And ofc the powder effect adds a lot.

 

For the cloud top, think the main difference is, i don't modify the density of the clouds with the height signal, but modify the coverage.

Then sure, the smaller high frequency noise adds the very fine detail and is applied like that

base_cloud = base_cloud * high_freq_noise *(1.0-base_cloud);

You see i simply assume that an edge is where the cloud got a density below 1

 

 

thanks.

to get a more detailed base cloud noise, need a high octaves? or need other things?

this is my base noise texture.

base noise
i found the r channel looks fuzzy indeed, i will change the noise arithmetic to test, thanks.
the noise texture you use rgba fp16 texture or rgba8?
 
 
some kind of fbm+inbetween remapping with coverage.
something like Remap(low_freq_FBM, coverage, 1, 0, 1)?

 

modify coverage accord to the height, the top get less coverage?

 

use this formula, when base_cloud is 1.0, means it's inside the cloud.

base_cloud = base_cloud * high_freq_noise *(1.0-base_cloud) = 0.0?

Attached Files


Edited by ChenA, 31 July 2016 - 10:08 PM.

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Posted 29 July 2016 - 10:55 AM

Really great results guys! I wish I could achieve at least something relatively close to what you have for my game.

 

That GPU 7 Pro article mostly describes ways to create a realistic clouds in terms of density functions and overall weather simulation, but it somehow assumes that reader is already familiar with ray marching techniques. While I can understand the algorithm behind a single ray cast from a given point to sample various density functions and so on, I can't get my head over the more basic stuff like - what render pass does it all happen? Is it during rendering the skybox? Or do you render some special shape and then in it's shader you do all this? What does it mean to do raycasts in this cast? Is it per pixel? Per point in a world space? They say in the article they assume some spherical shell around the camera of some thickness, but how do you pick points on that sphere for actual raycast? And how is the result from such raycast used to actually shade the sky?

 

Are there some papers on basics like this? If you could provide some pseudocode used to actually "draw" and execute this shader that's supposed to create clouds, including what are you rendering, and what's the input for raymarching algorithm, it would greatly help me understand this concept.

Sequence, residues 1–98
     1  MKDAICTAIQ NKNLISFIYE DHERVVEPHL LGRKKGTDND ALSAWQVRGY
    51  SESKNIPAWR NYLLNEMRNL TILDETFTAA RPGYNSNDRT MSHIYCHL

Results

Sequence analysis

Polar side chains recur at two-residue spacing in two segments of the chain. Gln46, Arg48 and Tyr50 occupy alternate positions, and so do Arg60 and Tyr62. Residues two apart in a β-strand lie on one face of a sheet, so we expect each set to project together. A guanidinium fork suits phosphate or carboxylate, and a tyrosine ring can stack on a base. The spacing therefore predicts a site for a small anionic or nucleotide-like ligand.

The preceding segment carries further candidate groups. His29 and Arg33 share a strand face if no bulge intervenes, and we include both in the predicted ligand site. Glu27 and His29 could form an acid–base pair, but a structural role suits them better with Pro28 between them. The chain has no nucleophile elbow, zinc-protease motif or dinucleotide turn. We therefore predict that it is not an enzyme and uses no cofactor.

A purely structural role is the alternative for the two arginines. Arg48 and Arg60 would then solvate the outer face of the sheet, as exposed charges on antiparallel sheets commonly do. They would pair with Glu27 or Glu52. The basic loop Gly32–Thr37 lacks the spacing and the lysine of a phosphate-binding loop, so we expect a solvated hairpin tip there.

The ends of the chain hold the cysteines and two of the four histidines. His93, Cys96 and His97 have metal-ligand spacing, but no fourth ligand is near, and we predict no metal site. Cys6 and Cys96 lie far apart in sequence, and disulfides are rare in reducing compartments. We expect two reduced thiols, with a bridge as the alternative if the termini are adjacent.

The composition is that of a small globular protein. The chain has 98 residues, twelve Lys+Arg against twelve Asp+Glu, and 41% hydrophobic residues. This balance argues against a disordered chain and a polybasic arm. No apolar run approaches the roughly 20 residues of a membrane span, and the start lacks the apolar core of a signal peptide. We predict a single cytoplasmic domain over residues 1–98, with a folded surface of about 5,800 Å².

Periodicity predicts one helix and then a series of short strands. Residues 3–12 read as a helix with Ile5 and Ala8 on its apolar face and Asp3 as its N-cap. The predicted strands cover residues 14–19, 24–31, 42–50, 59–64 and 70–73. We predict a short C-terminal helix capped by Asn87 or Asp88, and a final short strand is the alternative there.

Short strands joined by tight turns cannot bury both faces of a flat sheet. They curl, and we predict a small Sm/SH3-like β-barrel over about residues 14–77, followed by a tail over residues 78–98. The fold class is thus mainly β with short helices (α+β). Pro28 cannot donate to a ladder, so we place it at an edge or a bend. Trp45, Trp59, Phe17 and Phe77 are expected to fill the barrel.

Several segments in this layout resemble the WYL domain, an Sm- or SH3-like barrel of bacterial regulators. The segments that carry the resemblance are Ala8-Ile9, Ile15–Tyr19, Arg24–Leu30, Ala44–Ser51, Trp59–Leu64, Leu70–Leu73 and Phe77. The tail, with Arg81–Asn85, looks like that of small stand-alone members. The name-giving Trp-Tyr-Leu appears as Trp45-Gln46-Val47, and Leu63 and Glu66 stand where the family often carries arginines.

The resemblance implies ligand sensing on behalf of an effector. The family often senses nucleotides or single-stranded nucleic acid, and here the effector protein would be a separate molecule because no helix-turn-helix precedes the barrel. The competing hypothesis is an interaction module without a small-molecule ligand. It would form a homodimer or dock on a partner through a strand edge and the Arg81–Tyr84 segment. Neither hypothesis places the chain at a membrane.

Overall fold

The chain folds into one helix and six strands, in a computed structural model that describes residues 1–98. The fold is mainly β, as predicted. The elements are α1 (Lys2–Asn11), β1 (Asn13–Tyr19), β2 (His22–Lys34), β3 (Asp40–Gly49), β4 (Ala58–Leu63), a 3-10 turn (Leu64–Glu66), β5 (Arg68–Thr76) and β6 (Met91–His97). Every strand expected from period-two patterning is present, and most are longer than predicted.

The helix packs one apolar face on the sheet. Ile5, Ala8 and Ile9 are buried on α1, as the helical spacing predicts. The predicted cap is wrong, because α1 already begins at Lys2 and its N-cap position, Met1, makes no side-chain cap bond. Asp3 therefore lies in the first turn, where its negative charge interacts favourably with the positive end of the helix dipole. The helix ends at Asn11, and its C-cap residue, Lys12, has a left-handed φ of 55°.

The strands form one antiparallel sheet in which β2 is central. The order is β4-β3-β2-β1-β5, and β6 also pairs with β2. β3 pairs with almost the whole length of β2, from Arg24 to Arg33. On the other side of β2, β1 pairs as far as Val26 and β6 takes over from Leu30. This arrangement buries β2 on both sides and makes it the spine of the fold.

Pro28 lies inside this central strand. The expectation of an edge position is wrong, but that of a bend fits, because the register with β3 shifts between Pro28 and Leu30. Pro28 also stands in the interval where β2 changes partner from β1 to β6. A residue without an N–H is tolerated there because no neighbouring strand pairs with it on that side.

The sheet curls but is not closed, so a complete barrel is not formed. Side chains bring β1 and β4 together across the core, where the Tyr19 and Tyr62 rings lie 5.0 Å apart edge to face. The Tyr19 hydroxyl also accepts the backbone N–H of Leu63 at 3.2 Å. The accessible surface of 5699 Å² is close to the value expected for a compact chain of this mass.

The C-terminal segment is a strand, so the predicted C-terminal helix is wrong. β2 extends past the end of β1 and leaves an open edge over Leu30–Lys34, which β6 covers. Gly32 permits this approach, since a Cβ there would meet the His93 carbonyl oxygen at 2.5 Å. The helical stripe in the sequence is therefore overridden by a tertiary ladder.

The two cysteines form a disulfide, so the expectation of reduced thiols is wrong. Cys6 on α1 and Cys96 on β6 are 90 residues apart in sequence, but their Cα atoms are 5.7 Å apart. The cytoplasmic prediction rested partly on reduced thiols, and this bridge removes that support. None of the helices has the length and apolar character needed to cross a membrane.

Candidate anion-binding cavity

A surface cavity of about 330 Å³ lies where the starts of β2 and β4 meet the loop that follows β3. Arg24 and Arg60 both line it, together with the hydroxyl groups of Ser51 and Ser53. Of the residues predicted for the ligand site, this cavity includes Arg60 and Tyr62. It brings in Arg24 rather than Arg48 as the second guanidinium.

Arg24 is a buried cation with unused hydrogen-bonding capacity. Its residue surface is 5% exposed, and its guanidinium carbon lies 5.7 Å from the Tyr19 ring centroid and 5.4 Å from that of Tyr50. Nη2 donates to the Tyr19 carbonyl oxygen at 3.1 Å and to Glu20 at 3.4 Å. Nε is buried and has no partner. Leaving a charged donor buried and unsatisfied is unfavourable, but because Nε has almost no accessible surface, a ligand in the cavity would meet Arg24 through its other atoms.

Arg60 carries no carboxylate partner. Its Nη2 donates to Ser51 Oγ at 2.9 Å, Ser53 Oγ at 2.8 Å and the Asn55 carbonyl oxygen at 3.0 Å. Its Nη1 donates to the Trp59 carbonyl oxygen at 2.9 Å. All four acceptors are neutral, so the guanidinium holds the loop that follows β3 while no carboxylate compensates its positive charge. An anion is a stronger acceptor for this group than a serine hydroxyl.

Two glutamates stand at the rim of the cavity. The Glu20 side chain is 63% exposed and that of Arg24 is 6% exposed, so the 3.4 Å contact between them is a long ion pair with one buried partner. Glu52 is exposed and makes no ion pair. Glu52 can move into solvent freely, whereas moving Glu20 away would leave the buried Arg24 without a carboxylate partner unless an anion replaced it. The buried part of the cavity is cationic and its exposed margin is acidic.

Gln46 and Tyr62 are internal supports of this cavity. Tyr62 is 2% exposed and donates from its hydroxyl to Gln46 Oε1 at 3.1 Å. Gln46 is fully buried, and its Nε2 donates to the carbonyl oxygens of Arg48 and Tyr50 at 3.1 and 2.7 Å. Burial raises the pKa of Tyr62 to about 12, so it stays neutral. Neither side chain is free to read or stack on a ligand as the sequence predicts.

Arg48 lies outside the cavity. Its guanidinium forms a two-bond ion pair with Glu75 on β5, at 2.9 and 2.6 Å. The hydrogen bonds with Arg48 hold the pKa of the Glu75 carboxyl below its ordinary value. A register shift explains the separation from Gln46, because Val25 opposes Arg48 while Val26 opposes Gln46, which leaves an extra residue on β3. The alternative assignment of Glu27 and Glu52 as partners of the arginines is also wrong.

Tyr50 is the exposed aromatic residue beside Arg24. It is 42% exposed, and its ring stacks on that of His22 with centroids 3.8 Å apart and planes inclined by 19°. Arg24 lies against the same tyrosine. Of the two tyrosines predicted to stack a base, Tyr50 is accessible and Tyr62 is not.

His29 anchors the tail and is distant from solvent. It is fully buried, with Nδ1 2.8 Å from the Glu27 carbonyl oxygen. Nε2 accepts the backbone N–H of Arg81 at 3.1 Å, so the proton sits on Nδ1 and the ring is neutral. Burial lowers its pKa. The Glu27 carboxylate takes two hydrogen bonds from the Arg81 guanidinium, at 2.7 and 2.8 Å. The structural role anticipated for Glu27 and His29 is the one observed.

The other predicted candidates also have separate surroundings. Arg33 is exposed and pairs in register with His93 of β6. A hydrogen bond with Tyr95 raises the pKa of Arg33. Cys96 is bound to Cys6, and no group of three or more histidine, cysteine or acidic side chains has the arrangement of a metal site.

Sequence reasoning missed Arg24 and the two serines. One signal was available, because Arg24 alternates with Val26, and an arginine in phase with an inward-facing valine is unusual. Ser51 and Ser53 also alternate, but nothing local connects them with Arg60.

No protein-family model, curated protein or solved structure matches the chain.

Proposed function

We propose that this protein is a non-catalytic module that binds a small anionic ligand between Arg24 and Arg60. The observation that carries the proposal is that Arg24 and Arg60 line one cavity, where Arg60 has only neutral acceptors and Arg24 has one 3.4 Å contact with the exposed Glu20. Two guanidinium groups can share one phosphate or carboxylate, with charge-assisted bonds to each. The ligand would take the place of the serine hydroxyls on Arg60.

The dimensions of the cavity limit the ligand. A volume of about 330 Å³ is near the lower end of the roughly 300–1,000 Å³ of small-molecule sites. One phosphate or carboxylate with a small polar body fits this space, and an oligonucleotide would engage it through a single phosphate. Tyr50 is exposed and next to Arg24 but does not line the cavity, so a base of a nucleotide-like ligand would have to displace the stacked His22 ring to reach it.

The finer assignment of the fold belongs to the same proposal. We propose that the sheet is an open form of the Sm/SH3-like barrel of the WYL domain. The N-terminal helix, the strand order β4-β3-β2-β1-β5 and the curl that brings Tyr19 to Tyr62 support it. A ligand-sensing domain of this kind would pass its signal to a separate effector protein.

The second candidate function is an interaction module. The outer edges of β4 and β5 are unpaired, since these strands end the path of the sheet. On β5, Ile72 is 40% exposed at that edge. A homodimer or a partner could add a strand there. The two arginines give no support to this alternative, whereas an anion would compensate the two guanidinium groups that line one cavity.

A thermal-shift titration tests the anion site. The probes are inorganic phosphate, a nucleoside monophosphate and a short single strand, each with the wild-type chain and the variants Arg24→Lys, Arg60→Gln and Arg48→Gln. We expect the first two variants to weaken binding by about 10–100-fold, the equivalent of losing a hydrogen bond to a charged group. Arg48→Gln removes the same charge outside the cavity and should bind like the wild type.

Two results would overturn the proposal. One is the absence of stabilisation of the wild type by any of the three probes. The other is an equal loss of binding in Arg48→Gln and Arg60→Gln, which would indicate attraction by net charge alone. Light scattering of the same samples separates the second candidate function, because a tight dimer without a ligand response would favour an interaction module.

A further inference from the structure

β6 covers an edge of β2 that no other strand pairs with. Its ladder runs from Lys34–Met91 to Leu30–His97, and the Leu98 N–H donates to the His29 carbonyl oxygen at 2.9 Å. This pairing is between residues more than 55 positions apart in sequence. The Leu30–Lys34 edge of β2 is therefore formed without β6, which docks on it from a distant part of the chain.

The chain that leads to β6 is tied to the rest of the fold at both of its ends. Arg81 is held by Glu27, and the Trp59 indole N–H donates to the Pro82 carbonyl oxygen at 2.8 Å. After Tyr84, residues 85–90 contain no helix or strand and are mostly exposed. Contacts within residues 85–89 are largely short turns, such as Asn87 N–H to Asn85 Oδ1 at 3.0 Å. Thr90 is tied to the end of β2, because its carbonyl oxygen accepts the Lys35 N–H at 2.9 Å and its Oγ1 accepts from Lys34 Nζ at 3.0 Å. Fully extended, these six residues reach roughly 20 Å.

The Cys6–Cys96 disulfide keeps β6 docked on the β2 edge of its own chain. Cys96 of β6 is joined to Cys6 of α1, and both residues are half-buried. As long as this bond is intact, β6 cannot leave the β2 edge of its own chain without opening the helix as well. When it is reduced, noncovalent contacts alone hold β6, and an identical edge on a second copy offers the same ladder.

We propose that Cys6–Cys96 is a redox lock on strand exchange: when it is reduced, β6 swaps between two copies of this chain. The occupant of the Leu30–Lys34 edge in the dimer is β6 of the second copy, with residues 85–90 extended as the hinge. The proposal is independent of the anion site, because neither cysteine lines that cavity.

Edited by noizex, 29 July 2016 - 10:59 AM.


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Posted 29 July 2016 - 11:32 AM

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Really great results guys! I wish I could achieve at least something relatively close to what you have for my game.

 

That GPU 7 Pro article mostly describes ways to create a realistic clouds in terms of density functions and overall weather simulation, but it somehow assumes that reader is already familiar with ray marching techniques. While I can understand the algorithm behind a single ray cast from a given point to sample various density functions and so on, I can't get my head over the more basic stuff like - what render pass does it all happen? Is it during rendering the skybox? Or do you render some special shape and then in it's shader you do all this? What does it mean to do raycasts in this cast? Is it per pixel? Per point in a world space? They say in the article they assume some spherical shell around the camera of some thickness, but how do you pick points on that sphere for actual raycast? And how is the result from such raycast used to actually shade the sky?

 

Are there some papers on basics like this? If you could provide some pseudocode used to actually "draw" and execute this shader that's supposed to create clouds, including what are you rendering, and what's the input for raymarching algorithm, it would greatly help me understand this concept.

 

it's a post-process render pass, so you just render a quad.

 

first you get a ray accord to the screen pixel's coordinate, calculate the intersect point of the camera ray and the bottom cloud sphere.

the intersect point is the start point, run step along the ray.

float Raymarcher::integrate(const V3f& pos, const V3f& dir, const float absorption) const
{
    // Determine intersection with the buffer
    float t0, t1;
    if (false == m_buffer->intersect(pos, dir, t0, t1))
        return 1.0f;